FIGS. 17-20 are photomicrographs at 10× magnification of fabrics made according to Example 3.
FIGS. 21-25 and 21a-25a are photomicrographs at 10× magnification, face and back portions, respectively, of the fabrics made according to Example 4.
FIGS. 26, 26a are photomicrographs at 10× magnification of face and back portions, respectively, of the fabric made according to Example 5.
FIG. 1 illustrates schematically a two-stage hydraulic needling process for making the fabric of the invention that generally includes as components an endless driven belt feed section 10, an endless driven belt needling section 12, a drum needling section 14 with squeeze roll section 15, a hot air dryer 16, and a windup 18. Details on the operating conditions are found in Example 1.
FIG. 2 illustrates a single stage hydraulic needling process for making the fabric of this invention wherein a scrim fabric substrate and overlaid staple fibers assembled in frame 40 is passed beneath a line of closely spaced fine columnar streams of liquid 42 (only one of which is visible) from a manifold 44. The frame 40 is positioned on a reversibly movable endless belt 46 traveling in a path determined by rollers 48. The passage of the frame 40 beneath the streams 42 is in effect a traverse of the streams across the top of the staple/substrate assemblage. Again, further details on operating conditions are disclosed in Examples 2-5.
FIG. 3 is a cross sectional schematic view of the fabric 50 of the invention showing the continuous filaments 52 of the yarn in a well spread spaced-apart relationship permitting the staple fibers 54 to be intertangled with the filaments to form reversals 56 in the staple fiber.
The lightweight composite fabrics of the present invention comprise two components, the short staple fibers 54 and a substrate of continuous filaments 52 formed into an ordered cross-directional array. The fabrics of the invention are distinguished from prior art fabrics in that these components are integrated together so intimately that they form a single entity of a highly uniform nature, as contrasted with laminated or reinforced fabrics. The fabrics of the invention therefore are strong and have good cover and other good fabric aesthetics even though they are light in weight. In particular, they exhibit exceptionally high strength close to the edge of the fabric, a property associated with the ability to form strong seams. The novel fabrics also exhibit high retention of their fiber content, experiencing a loss of no more than 3% of their fiber content during initial laudering. Loose fibers which are not well integrated into the fabric structure tend to be lost during this initial laundering. Poorly integrated prior art fabrics have in some instances exhibited a fiber loss of 10% or more during initial laundering.
The continuous filament component of the fabric of the invention has as its most important characteristic the property of being of a spreadable nature. Warps of individual continuous filaments may be used where applicable. However, spreadable continuous filament yarns are commercially more practical for cross-warps and are required for embodiments involving woven or knitted scrims as substrates. Such continuous filament yarns cannot have appreciable twist, or have a significant content of entangled nodes to permanently entangle the filaments together, either of which would prevent the yarn from being spread and the filaments disassociated from one another so that the filaments have a spaced-apart relationship throughout the ordered cross-directional array in at least one direction. The spreading of the yarns has two important aspects: first, the process of spreading brings filaments of nearby yarns close together, closing the space between adjacent yarns, making the fabric more uniform, and increasing the cover; and second, gaps are opened between filaments within individual yarns which permit the short staple fibers to penetrate primarily between the filaments of individual yarns rather than between the yarn bundles. The staple fibers thus act to interentangle with individual continuous filaments to form a highly integrated, uniform composite fabric rather than to interentangle with yarn bundles to form a reinforced or laminated structure.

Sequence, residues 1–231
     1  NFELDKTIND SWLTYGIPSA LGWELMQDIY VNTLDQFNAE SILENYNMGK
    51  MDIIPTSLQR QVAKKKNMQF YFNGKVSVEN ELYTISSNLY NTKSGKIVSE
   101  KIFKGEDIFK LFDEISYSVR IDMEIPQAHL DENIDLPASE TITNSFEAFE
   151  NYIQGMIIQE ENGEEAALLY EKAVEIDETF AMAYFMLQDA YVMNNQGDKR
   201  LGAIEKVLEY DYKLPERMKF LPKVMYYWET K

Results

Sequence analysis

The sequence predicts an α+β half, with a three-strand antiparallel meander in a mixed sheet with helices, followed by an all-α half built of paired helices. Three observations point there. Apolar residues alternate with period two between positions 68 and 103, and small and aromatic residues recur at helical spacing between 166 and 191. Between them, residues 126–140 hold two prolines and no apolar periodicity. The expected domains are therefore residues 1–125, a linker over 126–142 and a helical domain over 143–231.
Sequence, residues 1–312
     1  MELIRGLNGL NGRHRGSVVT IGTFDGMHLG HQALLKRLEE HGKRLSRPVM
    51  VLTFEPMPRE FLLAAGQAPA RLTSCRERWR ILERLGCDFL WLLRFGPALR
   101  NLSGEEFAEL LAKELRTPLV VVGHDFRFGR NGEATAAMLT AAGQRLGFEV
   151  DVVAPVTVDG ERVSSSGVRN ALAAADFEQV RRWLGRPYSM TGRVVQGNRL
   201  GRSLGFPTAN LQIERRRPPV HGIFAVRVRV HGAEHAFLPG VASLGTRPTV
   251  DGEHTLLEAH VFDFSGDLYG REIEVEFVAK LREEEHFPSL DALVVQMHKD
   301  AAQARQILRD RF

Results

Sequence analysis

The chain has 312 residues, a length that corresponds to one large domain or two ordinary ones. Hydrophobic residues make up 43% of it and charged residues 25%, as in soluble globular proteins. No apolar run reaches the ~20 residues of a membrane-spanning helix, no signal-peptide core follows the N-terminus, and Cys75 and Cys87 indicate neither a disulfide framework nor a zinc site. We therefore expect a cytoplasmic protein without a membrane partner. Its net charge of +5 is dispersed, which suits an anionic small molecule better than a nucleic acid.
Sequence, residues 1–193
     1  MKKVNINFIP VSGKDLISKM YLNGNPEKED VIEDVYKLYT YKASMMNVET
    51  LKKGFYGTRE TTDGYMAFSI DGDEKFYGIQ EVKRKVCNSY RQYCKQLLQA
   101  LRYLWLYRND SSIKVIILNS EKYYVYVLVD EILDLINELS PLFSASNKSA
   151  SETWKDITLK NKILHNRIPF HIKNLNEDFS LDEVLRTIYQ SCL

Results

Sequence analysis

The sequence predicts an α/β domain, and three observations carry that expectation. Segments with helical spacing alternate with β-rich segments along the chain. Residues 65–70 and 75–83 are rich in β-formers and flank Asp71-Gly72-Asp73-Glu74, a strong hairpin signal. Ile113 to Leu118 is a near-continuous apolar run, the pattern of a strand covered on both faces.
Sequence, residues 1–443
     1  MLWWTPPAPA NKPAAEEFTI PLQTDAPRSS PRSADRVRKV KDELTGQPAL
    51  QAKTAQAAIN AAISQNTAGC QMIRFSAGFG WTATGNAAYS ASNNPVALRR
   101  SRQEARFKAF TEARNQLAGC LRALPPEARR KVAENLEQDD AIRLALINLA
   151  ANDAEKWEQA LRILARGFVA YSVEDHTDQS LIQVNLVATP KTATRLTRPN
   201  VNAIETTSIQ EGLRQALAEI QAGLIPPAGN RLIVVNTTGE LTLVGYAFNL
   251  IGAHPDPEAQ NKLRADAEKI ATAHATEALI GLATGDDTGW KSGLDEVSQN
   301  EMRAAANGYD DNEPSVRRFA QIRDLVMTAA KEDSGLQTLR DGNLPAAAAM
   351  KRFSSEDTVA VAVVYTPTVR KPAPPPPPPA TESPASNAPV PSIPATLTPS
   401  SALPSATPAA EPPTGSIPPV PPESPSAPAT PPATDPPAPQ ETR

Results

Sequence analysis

Preferred continuous filament yarns for forming the ordered cross-directional array are false-twist textured (FTT) or false-twist set textured (FTST) continuous filament yarns composed of polyester, polyamide, or other extrudable polymer.
The staple fiber component of the fabric of the invention can be of any fiber, natural or synthetic, such as cotton, rayon, polyester, acrylic, or nylon. The fibers should have a linear density of less than 0.3 tex per filament, e.g., in the range of about 0.05 to 0.3 tex per filament, and be present in the amount of 20 to 50% of the weight of the composite fabric. Most importantly, the staple fibers are short, having a length of from about 0.5 to about 1 cm in length; and in the hydraulic needling process the short staple fibers are needled first from one side of the fabric and then from the other until they have more than about 2 reversals between the faces of the fabric per cm of staple fiber length. Because the staple fibers interpenetrate individual continuous filaments, as described above, and because they are both short in length and have frequent reversals from one side of the fabric to the other, they act to interentangle the individual filaments to form a highly integrated, uniform composite fabric.